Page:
In response, respondent argued that In re: M. A. is inapplicable to the present case because it predates Section 5-14 (b)(1)(A) of the Act which provides that beginning July 1, 1988, "an adjudicatory hearing must be held within 120 days of a demand for such hearing." (Emphasis supplied).
Following arguments, the trial court rejected the State's initial argument that it had 160 days, indicating that an order denying transfer of a case is not a "finding" as a result of an adjudicatory hearing. Subsequently, the trial court entered an order denying respondent's motion to dismiss on the grounds that: (1) the delay caused no prejudice to respondent and (2) it is not mandatory to set an adjudicatory meeting within 30 days. The court concluded that dismissal over "a technical point" is not the purpose of the Act and would not serve the best interests of the community.
On November 14, 1991, an adjudicatory hearing was conducted, after which the court entered a finding of delinquency against respondent. On December 31, 1991, following a Dispositional hearing, respondent was placed on one year of probation. Respondent's timely appeal followed.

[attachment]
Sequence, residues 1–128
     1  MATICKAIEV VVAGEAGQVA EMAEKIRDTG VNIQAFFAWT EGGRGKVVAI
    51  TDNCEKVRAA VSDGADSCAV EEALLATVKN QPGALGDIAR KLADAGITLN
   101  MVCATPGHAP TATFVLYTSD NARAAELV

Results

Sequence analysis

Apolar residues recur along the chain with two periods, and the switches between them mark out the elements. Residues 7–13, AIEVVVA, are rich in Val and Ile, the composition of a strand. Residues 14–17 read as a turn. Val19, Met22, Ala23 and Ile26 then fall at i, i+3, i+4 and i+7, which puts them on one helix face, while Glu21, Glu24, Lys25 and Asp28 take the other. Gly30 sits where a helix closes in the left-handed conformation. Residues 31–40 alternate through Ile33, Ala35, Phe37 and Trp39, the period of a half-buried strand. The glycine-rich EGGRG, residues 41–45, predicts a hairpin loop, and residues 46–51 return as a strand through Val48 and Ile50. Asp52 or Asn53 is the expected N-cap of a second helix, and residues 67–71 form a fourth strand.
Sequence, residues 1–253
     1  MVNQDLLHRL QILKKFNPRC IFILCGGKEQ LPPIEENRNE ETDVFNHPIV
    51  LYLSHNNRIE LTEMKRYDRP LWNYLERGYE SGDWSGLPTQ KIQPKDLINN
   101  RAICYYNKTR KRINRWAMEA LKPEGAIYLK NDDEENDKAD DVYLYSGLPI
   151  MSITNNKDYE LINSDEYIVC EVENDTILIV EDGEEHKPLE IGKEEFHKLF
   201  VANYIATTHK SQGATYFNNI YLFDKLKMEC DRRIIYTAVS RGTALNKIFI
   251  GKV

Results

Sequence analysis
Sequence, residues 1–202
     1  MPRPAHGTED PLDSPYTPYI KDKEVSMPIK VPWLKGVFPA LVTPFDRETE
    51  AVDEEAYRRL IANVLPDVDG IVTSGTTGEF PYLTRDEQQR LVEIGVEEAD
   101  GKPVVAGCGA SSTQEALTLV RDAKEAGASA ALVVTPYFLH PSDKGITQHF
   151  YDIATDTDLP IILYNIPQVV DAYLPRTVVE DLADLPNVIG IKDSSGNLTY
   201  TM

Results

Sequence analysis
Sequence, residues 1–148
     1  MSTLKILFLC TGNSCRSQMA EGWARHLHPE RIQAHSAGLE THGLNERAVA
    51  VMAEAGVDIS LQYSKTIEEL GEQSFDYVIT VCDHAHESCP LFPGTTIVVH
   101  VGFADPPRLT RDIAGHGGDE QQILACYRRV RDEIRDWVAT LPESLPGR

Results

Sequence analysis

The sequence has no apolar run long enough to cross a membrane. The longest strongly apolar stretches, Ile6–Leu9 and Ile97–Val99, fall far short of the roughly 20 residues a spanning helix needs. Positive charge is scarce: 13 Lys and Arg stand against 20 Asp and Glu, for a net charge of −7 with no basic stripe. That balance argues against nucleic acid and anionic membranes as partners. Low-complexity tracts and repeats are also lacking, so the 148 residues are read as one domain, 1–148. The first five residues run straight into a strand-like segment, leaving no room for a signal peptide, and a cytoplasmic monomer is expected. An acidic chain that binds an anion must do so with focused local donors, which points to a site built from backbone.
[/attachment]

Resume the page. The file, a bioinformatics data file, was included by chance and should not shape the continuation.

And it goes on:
On appeal, respondent contends that the trial court erred in denying his motion to dismiss his delinquency petition. Once again, respondent argues that the trial court incorrectly relied upon In re: M. A. in making its decision, because the Act was amended to provide that "an adjudicatory hearing must be held within 120 days of a demand for such hearing." (Emphasis supplied). Respondent cites Section 5-14(b)(1)(C) of the Act which provides for dismissal if an adjudicatory hearing is not held within the time required by the Act.
Section 5-14(b)(1)(A) of the Act provides in its entirety:
"(1)(A) When a petition has been filed alleging that the minor is a delinquent, an adjudicatory hearing must be held within 120 days of a demand for such hearing made by any party, except that when the State, without success, has exercised due diligence to obtain evidence material to the case and there are reasonable grounds to believe that such evidence may be obtained at a later date, the court may upon motion by the State, continue the adjudicatory hearing for not more than 30 additional days.